The weakening of the sovereignty of the various nation-states of the world in favor of a single global collective state began as the perceived answer to armed conflict during the aftermath of WWI. The League of Nations was established to promote the idea; that institution failed, and was soon replaced by the United Nations, which has seen more success. In the meantime, power-lusting politicians all around the world saw the "peace plan" as their step to greater power than had ever been seen on the planet in all of human history.
Dr. Dennis Cuddy, former Senior Associate in the U.S. Department of Education, compiled an extensive and very revealing list of quotations in his Chronology of Education of Education with Quotable Quotes; Charlotte Iserbyt, another "whistleblower" from the government, compiled a collection of documents she "liberated" before leaving her position at the Department of Education as Senior Policy advisor in the Office of Educational Research and Improvement. Copies of Iserbyt's documents are published in The Deliberate Dumbing Down of America, and many of Cuddy's quotes are also published in the book Brave New Schools, by Berit Kjos.
Although all three authors are devoutly religious Christians, a philosophy which, like that of any faith, I do not share, the warning they post in the following selection from Cuddy's list should not be lost on any American at any point along the philosophical spectrum, and I am grateful for their exposure of what they saw going on in the Department of Education.
As we see so often in the thinking and behavior of the graduates of our government schools (and even the private school graduates, whose schools are often accredited by the government, and whose teachers are mostly trained and certified by the government), the collectivist-statists from the time of Horace Mann to the present have been generously rewarded for their persistance and hard work.
First, they made sure that the kids aren't taught "facts" such as history, mathematics, science, economics, geography, and philosophy. The intellectual void they create is filled by instilling in our children's emptied heads their own ideas. For example, they tell them that one opinion is just as good as another, that one moral code is just as good as another, that one must never be critical of a different "culture," that private property is "selfish" and "evil," etc. You've heard them all, I know, usually under the label of "Political Correctness."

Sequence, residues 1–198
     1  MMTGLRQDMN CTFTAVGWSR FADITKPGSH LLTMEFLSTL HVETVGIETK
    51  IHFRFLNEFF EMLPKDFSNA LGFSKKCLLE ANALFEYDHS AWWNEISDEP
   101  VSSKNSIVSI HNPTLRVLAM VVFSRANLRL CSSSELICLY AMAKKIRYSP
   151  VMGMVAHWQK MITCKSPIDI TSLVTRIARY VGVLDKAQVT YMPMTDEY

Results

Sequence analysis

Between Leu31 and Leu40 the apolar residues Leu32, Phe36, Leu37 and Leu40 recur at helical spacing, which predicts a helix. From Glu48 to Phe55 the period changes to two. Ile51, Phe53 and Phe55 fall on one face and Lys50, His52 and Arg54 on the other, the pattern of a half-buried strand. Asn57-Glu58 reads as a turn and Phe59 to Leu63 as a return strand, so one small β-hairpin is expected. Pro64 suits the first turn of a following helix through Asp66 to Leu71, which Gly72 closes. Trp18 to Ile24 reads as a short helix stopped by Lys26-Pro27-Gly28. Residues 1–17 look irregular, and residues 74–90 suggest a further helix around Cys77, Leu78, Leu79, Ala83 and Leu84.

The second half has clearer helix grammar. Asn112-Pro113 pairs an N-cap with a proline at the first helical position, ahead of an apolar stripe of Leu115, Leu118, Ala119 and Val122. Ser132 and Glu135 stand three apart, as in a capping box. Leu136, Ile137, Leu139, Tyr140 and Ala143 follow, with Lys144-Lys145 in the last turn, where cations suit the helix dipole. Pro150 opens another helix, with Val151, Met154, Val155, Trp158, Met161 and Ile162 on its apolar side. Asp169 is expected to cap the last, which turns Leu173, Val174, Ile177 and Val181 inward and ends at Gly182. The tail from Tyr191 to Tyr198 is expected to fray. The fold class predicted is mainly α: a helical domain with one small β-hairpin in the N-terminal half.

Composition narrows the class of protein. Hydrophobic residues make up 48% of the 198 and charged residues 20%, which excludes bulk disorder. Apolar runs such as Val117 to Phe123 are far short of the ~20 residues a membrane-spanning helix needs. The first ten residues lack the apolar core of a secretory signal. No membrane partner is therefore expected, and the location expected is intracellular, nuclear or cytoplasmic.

Most of today's parents and teachers do not fully understand the nature of what is going on and the danger we face (up to and including the dissolution of our borders and Islamic aggression). That is because they are, for the most part, products of the same educational system that has produced so many of the journalists, entertainment figures, lawyers/judges, politicians, teachers, professors, artists and even - believe it or not - even some scientists and mathematicians, not just the humanities and liberal arts - that have become so anti-American (read: anti-Enlightenment). The irrational kind of thinking taught in our schools has affected EVERY discipline. Without awareness of this among our parents and our teachers, we are nothing but sheep being herded by the hard-working collectivist-statists.